That’s the headline in the Telegraph today in an article by Sam Wallace, their “Chief Football Writer”. So “red card plague” – the new disease – is hitting Arsenal.
OK let’s look for some evidence to back up this claim (evidence which the Telegraph forgot to provide.)
And being scientifically sound we need to compare like with like – for example red cards in league games, (since different clubs play different numbers of cup games and lots of cup games don’t have PGMO referees).
We can then answer the question, “Does Arsenal have a red card plague which is blighting the club?” as Sam Wallace, the chief football writer of the Telegraph says.
|No of Arsenal reds
|Club with most reds
|Highest number of reds by one team
|Villa, Man C, Man U, Newcastle, Soton, WHU, Arsenal
|7 clubs on 2 cards each
|Hull, WHU, Watford
So clearly Arsenal do pop up at or near the top occasionally – twice in fact in the past nine seasons and at the moment in the tenth season equal top with a gaggle of clubs on a whacking great two red cards each in league games.
Thus Arsenal’s red card plague is tripe, or if you prefer, mindless gibberish. But by focussing on this totally fake point, the Telegraph and other “outlets” are able to avoid other issues of interest. Like (for example) the small question of who is controlling football.
All of this smacks of something being wrong, but then when one asks, “who should be sorting it out?” the answer is not at all clear largely because regulation of football in Europe is, pretty much, non-existent.
There is Uefa, Fifa, the FA, the Premier League, PGMO and the TV companies. Each is separate and does things in their own way. Beyond that there is the EU which demands that football is conducted like any other operation within the union, meaning that workers rights are protected, and consumer choice guaranteed. Plus we have the Court of Arbitration for Sport. And the High Court in England, still endlessly considering the battle between Manchester City and the League.
None of these bodies has a particular mandate, each is set up in its own unique way by clubs, governments and commercial entities.
Indeed we might be approaching a point of breakdown, for as we reported the other day in the piece Head of Fifa quits Europe and moves to Qatar and escapes Swiss investigation Infantino and his family has moved out of Swiss and European jurisdiction halfway through the most serious case ever to enwrap football (the head of Fifa colluding with the head of the Swiss legal system to manipulate the evidence in a legal case).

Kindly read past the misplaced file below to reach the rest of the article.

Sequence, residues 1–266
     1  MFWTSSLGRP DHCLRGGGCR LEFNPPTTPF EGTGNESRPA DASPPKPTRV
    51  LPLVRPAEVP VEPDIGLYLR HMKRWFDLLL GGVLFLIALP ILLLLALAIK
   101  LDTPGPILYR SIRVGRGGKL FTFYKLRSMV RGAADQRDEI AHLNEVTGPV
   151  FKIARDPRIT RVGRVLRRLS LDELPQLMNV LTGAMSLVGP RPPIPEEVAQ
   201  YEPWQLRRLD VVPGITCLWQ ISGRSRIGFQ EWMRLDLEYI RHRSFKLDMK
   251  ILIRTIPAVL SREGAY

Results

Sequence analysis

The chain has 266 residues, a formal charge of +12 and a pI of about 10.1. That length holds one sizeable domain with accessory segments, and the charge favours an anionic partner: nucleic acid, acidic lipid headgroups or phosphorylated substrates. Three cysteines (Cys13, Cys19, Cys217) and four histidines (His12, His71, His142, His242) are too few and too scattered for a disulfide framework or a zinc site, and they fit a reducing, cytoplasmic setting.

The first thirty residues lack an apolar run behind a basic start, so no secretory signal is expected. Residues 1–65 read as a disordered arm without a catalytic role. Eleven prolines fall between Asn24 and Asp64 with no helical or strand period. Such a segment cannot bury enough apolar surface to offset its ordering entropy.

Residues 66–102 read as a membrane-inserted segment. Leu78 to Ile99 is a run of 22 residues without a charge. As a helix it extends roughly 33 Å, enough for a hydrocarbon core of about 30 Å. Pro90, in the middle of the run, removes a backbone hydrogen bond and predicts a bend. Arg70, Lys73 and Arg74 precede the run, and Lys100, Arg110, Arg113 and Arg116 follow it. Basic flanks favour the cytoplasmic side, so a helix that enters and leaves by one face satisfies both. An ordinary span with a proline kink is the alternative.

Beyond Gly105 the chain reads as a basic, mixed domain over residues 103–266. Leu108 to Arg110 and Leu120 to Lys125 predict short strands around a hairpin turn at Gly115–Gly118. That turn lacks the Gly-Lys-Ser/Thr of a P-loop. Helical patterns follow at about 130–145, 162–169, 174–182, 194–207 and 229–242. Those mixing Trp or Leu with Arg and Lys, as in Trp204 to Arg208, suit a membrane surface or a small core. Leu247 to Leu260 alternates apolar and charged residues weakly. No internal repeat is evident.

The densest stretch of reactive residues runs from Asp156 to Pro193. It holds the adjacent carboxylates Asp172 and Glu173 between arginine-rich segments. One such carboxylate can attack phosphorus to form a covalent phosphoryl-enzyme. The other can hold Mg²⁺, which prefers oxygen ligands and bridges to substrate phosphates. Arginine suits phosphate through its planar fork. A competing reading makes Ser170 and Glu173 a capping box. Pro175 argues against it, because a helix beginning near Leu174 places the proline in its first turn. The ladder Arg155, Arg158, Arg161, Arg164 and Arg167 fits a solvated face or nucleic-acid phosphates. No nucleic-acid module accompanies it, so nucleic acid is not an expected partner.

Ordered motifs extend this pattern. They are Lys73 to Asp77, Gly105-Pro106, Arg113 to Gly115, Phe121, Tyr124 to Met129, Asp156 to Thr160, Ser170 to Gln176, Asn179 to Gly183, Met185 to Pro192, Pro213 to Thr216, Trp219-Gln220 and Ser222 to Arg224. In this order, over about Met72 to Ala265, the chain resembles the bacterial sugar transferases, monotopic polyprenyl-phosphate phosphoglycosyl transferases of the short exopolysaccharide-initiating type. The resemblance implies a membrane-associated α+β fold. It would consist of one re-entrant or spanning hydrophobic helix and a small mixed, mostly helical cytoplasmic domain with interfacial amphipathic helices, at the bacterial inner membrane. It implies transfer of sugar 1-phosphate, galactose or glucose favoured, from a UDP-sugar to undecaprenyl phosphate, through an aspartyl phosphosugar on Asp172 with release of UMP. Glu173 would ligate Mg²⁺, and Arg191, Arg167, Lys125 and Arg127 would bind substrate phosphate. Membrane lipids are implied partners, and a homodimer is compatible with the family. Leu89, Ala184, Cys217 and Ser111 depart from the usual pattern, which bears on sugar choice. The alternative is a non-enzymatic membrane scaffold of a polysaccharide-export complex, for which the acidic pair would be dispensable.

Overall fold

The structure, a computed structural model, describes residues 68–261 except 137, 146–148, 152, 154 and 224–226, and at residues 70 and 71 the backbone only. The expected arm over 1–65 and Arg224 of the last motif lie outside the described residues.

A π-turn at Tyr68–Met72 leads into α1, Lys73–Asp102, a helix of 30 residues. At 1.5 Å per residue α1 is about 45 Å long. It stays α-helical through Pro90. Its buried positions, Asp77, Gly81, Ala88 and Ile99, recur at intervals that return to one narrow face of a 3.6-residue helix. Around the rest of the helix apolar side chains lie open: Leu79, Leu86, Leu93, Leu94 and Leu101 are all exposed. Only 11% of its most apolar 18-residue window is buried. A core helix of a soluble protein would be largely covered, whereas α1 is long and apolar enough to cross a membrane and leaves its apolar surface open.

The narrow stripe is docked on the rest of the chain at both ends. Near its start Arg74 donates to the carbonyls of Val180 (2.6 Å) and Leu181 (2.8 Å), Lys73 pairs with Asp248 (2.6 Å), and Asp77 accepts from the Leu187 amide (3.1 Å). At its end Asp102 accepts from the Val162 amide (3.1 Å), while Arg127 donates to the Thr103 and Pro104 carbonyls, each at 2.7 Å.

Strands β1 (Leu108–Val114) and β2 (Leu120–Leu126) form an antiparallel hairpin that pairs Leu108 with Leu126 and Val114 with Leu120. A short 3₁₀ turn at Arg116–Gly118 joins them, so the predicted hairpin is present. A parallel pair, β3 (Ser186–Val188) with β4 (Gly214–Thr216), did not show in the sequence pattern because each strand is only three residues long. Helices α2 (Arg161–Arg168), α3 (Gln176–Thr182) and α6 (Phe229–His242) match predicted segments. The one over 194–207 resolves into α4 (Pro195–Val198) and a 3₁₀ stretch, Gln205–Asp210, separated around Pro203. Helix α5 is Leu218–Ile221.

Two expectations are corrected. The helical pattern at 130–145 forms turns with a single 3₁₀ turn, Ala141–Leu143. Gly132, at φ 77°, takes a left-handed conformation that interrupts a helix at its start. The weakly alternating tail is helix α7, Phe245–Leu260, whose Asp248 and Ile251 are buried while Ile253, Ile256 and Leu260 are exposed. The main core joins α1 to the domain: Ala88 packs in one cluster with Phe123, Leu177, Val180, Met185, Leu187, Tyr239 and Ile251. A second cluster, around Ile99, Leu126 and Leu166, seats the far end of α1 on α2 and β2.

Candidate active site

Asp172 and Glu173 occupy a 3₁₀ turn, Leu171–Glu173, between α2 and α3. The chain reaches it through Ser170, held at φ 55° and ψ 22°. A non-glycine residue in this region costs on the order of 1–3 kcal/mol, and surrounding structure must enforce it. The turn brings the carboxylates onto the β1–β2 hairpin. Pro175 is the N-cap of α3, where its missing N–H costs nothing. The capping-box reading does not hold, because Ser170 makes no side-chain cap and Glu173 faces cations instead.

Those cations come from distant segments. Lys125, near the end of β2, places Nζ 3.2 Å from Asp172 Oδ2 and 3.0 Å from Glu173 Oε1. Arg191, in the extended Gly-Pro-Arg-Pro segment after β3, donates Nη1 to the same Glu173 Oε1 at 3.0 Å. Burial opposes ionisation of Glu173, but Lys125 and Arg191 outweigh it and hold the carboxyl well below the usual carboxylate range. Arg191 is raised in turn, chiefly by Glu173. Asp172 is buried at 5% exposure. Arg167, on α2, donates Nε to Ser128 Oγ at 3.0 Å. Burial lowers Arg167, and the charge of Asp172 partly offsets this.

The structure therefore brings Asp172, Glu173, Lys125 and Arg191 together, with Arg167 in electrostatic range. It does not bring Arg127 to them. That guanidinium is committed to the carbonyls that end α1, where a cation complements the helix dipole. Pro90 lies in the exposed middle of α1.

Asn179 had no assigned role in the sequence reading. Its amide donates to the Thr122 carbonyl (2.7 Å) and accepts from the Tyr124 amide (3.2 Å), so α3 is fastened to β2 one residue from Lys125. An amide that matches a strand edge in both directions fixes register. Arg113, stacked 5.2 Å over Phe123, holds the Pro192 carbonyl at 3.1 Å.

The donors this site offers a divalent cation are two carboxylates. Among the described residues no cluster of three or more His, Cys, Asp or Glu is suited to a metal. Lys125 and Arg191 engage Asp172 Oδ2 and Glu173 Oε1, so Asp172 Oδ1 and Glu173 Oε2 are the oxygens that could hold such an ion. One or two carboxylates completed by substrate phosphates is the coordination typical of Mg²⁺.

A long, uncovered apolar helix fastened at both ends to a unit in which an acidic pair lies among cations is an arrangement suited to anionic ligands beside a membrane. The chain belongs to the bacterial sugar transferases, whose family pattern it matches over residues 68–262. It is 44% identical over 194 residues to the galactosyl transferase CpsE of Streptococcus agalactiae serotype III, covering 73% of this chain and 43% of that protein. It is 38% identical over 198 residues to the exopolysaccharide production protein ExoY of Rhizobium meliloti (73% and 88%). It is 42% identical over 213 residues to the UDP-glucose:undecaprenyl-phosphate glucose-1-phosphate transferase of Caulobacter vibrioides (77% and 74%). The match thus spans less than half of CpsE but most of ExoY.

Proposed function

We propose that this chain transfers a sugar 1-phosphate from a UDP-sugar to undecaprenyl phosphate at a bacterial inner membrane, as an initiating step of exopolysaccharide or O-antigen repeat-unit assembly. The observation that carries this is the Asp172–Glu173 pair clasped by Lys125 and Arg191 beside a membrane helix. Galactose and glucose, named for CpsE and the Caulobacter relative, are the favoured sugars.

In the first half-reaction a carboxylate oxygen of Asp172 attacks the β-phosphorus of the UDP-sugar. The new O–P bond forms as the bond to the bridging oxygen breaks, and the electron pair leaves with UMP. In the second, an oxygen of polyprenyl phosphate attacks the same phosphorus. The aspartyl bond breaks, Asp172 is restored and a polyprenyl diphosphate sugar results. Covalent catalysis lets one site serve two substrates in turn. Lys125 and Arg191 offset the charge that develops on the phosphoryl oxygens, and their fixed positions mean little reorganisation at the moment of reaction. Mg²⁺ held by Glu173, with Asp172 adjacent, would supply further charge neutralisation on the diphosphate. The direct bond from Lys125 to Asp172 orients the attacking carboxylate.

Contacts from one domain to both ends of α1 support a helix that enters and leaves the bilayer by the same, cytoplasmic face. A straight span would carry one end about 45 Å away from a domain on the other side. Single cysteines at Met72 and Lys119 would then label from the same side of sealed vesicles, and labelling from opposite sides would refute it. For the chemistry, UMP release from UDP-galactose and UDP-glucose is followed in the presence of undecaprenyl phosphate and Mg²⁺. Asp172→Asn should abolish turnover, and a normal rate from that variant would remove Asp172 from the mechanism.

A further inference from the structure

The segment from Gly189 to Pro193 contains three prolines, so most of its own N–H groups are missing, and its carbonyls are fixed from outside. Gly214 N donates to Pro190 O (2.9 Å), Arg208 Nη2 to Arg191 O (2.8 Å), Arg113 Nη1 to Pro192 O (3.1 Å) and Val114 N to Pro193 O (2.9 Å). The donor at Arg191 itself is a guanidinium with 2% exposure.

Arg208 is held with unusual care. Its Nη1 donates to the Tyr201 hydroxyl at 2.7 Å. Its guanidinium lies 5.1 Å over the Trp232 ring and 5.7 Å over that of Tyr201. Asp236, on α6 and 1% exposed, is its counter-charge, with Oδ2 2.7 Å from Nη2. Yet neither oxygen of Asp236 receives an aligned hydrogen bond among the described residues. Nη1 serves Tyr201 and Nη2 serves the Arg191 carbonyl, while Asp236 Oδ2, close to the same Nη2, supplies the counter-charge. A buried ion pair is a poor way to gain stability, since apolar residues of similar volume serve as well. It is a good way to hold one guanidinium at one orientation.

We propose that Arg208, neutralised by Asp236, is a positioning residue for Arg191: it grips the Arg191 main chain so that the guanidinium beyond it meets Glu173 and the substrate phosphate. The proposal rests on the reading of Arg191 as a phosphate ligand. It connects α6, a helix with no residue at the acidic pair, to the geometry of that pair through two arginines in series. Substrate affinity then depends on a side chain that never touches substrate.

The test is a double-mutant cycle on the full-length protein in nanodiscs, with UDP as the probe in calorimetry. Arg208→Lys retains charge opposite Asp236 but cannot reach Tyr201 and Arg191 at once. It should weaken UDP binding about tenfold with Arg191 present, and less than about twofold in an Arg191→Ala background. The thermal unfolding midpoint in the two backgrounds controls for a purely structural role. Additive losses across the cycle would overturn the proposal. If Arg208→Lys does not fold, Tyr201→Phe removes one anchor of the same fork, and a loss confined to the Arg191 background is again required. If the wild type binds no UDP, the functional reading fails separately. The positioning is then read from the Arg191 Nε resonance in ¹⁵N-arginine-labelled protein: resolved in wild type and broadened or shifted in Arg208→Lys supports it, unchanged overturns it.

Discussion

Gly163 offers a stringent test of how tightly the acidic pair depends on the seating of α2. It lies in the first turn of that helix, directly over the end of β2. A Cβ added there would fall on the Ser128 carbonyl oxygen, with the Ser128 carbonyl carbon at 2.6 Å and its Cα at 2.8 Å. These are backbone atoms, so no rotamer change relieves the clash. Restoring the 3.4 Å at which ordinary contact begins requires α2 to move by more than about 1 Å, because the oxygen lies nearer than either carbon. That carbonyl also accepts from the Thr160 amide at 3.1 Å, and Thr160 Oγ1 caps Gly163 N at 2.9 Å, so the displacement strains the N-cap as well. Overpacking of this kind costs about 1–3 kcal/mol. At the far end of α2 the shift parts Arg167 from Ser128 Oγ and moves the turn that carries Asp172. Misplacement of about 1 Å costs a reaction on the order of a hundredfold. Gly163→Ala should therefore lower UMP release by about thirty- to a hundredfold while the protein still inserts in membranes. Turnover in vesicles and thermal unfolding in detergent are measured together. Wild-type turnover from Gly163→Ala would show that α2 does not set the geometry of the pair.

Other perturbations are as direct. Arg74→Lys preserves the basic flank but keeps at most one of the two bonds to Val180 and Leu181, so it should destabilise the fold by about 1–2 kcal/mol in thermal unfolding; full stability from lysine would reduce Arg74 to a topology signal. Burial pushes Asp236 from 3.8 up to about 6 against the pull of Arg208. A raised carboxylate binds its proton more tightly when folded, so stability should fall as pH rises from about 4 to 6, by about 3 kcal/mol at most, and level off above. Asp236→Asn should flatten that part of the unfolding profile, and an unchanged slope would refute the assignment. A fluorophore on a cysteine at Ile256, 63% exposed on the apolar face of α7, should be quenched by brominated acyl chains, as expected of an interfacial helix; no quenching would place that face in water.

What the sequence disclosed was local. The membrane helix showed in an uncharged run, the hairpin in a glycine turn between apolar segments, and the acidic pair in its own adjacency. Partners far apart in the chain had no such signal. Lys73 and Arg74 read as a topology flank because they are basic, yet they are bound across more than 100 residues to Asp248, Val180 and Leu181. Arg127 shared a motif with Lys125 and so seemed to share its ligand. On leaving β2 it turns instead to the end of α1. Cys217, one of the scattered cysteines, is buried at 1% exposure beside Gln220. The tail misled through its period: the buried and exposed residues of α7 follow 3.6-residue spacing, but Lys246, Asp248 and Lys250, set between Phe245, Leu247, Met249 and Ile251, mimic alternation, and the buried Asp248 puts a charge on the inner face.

But let’s think again about these organisations that impinge on Arsenal: Fifa, Uefa, FA, PGMO, TV, Premier League, the media, EU (if we are buying a player from an EU club) and CAS. None is democratically elected, each is self-sustaining and answerable ultimately to no one (except to a certain degree with the EU for member countries).
If we just forget for a moment that this is how it is and is what we are used to, and instead look with fresh eyes, this is chaos. No democratic control, each organisation running itself, no hierarchy, no universal structure.
And to be clear the European Union, has no mandate to regulate football – it just has its own competition law which restricts what Uefa can do. Which apart from escaping the clutches of Swiss law, is undoubtedly why Infantino has moved to Qatar and why Fifa will probably follow.
Yet this utter morass is rarely talked about, and even the fact that in May last year Uefa announced the Convention on the Future of European Football was largely ignored by the media. Its aim was to discuss long-term policy and governance reforms especially in relation to the ongoing fight between Super League and Uefa. Around this time the government of the UK, announced its “fan-led” review, although the “led” part of that title seems a real misnomer.
One of the big problems is that every organisation that wants to be the defender of the game and its traditions, and is wound up in commercial interests. Thus those who want to be part of the solution remain part of the problem.
At the same time, the media in England ignore this huge issue which is at the very heart of football, just as they ignore Infantino scarpering off to Qatar with his family and chunks of Fifa, and instead run silly little pieces such as Arsenal’s “red card plague”.
In short, those who claim to be part of the solution are nothing more than part of the problem. In such a situation, the abject refusal of the media in England to deal with any of these issues, instead running fantasy tales about “Arsenal’s red card plague,” stops us from having any real debate at all.
And I haven’t even started on the lack of safety arrangements for young players.
I’ll continue with this theme shortly.
- What every football club (and most certainly Arsenal) is aiming for.
- The apparent decline of Tottenham and the question of care for players elsewhere
- Positive injury news for Arsenal ahead Monday’s game with Sheffield United
- Arsenal’s finances stay secure but we can expect more price rises for fans
- How a 14th monk described Arsenal’s failure to buy Moisés Caicedo and Mykhailo Mudryk